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Dr. Hill is a fellowship trained neuropsychologist dedicated to providing high-quality and time efficient neuropsychological consultation services that produce practical recommendations aimed at improving patient care. Evaluations are individualized to the presenting problem and referral question. A quick turn-around in evaluation results can enhance patient care and consequently, reports are sent to providers in approximately 1 week following completion of testing in most cases. Results and recommendations are presented clearly and concisely to increase their usefulness.

The following patient brochures produced by the American Psychological Association, Division 40 (Clinical Neuropsychology), may be useful for patients regarding neuropsychological services: Adults; Pediatrics.

If you have any questions regarding services provided or questions regarding a potential referral, please contact Dr. Hill at 208.746.2223.

For your convenience, please find below a list of frequently asked questions and answers.

How can a neuropsychological evaluation add to the care of my patients?
For what type of conditions can a neuropsychological evaluation be helpful?
Why should the evaluation be completed by a neuropsychologist instead of a general psychologist?
How long will the evaluation take?
What documentation will the neuropsychologist need?
When can I expect to receive results from the evaluation?
What kind of information can I expect from the evaluation?
Can my patients pay by insurance?
How can I refer a patient?
Why standardized testing instead of a brief qualitative test?


How can a neuropsychological evaluation add to the care of my patients?
Neuropsychological evaluations can enhance patient care in multiple ways including but not limited to the following:

  • Assist with differential diagnosis (e.g., type of dementia, pseudodementia, etc.)
  • Make recommendations regarding other potentially useful diagnostic tests (e.g., MRI, PET, sleep study, etc.)
  • Monitor response to treatment or recovery from injury (e.g., concussion, traumatic brain injury, stroke)
  • Assess candidates for various neurosurgical intervention (e.g., deep brain stimulator placement, surgery for normal pressure hydrocephalous, epilepsy surgery)
  • Provide a baseline of functioning to make future comparisons (e.g., identify improvement, decline, stability, or variability across time)
  • Make recommendations for rehabilitation services or psychological treatment (e.g., speech or occupational therapy, counseling, etc.)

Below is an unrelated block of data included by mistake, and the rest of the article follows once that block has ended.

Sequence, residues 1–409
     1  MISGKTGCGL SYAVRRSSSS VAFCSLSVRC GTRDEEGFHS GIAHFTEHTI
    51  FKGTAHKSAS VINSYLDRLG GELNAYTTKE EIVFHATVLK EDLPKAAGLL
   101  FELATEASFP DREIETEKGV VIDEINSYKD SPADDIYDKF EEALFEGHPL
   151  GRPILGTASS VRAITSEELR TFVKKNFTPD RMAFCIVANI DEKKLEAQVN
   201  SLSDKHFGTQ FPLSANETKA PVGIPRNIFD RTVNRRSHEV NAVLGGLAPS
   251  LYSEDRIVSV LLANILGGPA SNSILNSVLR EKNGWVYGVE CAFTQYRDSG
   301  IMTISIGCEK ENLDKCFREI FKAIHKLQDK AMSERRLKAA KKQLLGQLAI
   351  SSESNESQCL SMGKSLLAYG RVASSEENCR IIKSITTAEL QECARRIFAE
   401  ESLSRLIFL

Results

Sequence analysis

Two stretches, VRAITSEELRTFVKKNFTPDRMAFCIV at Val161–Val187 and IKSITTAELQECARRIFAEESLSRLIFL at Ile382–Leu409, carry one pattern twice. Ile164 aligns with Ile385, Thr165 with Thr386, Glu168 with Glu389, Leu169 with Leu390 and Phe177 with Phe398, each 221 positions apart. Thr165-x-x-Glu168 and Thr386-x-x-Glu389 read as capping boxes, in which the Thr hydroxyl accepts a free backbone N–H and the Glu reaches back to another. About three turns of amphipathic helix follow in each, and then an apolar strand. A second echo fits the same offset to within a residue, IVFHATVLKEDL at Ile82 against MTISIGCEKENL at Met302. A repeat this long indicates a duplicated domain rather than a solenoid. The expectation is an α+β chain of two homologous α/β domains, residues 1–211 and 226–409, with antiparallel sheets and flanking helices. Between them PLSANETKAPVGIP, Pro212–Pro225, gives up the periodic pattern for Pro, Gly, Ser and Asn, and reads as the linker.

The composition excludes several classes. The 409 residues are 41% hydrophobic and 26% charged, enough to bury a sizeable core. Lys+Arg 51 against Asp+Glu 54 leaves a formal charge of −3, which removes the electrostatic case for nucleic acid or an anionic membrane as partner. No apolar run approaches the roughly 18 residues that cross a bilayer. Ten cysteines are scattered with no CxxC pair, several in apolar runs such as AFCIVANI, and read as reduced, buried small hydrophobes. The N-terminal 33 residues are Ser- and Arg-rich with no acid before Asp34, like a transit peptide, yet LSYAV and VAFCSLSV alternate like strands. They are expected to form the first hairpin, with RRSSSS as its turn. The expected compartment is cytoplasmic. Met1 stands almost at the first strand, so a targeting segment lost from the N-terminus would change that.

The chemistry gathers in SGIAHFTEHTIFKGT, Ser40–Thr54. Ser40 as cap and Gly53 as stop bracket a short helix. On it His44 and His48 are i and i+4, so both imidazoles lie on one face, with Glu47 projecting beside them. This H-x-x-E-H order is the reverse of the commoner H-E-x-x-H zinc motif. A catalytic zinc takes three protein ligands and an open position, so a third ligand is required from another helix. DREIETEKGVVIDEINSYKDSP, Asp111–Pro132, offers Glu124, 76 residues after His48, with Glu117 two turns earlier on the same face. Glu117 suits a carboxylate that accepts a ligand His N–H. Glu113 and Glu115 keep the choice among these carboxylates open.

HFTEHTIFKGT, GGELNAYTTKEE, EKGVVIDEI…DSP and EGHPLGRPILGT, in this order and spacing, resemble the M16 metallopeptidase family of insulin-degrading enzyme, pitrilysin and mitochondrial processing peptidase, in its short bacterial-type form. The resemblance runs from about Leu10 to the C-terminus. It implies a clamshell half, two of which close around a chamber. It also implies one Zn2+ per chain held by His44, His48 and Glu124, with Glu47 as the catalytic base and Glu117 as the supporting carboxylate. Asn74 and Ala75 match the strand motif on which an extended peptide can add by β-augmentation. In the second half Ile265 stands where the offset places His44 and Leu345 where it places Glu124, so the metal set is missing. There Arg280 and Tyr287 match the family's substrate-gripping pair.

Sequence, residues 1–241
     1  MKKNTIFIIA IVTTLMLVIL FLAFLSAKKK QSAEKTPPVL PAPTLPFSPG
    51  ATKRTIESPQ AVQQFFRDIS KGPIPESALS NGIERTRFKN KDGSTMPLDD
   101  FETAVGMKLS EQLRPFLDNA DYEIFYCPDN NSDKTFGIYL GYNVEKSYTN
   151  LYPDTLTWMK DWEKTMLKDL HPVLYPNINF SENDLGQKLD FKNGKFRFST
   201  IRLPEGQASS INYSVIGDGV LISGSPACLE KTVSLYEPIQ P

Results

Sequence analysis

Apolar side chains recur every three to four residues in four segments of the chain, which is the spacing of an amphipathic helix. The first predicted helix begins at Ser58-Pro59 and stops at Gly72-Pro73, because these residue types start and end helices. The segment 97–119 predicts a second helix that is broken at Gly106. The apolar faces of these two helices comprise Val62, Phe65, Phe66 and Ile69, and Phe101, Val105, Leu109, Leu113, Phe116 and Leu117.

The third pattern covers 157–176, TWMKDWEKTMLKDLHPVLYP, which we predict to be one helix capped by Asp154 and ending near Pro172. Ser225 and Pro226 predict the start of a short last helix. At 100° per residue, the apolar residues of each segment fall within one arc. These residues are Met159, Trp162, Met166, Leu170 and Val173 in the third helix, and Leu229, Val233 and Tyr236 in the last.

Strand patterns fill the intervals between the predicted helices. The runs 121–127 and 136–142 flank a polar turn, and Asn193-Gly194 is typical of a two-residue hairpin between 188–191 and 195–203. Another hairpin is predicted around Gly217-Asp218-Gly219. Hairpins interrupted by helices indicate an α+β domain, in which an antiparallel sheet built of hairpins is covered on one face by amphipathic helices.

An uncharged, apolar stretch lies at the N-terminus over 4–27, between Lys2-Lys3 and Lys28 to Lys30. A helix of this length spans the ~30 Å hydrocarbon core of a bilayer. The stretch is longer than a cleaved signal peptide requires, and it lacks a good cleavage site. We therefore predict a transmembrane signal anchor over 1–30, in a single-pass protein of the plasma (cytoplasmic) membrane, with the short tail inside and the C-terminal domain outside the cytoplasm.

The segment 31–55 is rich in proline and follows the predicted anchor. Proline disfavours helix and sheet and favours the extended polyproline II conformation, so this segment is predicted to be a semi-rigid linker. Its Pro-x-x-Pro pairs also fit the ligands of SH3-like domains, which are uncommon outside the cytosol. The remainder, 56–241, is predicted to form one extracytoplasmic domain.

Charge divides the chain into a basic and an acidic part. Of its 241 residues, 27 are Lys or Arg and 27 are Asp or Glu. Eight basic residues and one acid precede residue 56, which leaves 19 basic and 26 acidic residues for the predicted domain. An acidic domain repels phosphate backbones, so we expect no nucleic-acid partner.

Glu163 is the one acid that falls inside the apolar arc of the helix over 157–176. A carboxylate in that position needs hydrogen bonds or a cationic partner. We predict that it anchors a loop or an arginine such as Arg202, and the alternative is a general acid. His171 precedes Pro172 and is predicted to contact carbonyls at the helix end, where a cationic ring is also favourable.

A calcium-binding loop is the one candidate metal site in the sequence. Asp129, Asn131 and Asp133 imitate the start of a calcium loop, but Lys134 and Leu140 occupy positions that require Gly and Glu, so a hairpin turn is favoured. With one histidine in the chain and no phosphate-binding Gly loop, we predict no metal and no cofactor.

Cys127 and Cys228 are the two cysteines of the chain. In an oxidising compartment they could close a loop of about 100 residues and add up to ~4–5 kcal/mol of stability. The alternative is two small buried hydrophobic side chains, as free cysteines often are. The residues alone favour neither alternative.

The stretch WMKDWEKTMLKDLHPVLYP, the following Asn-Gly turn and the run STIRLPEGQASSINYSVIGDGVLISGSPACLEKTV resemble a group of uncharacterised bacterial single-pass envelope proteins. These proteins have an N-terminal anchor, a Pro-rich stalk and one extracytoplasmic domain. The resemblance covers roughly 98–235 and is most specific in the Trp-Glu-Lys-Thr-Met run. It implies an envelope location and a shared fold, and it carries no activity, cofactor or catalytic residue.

• Make school/work based recommendations regarding need for accommodations or readiness to return to work or school
  • Assist with decisions regarding supervision needs
  • Increase understanding of the patients current cognitive and emotional status
  • Identify potential influence of psychological functioning on cognitive and physical symptoms
  • Evaluation for disability, workers compensation, medical-legal

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For what type of conditions can a neuropsychological evaluation be helpful?
Neuropsychological evaluations can be helpful in many different conditions when there is concern for a possible cognitive decline, when a baseline in cognitive functioning is needed, when assistance with differential diagnosis is needed, in order to rule out or in cognitive impairments, in order to identify potential psychological contribution to present symptoms, and to identify further areas of treatment. The following is a list of common conditions for which neuropsychological evaluations are requested:

  • Possible memory or cognitive decline
  • Attention Deficit Hyperactivity Disorder (ADHD)
  • Head injuries (e.g., concussion, Traumatic Brain Injury)
  • Dementia
  • Cerebrovascular accidents (e.g., stroke, transient ischemic attack)
  • Multiple Sclerosis
  • Parkinson’s Disease
  • Normal Pressure Hydrocephalous
  • Seizure disorders
  • Sleep apnea
  • Anoxia, hypoxia, carbon monoxide poisoning
  • Neoplasms (e.g., brain tumors)
  • Infections conditions (e.g., encephalitis, meningitis, HIV, prion diseases)
  • Toxic exposure
  • Pre-operative evaluations (e.g., deep brain stimulator, normal pressure hydrocephalous, epilepsy)
  • Other neurological & general medical conditions
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Why should the evaluation be completed by a neuropsychologist instead of a general psychologist?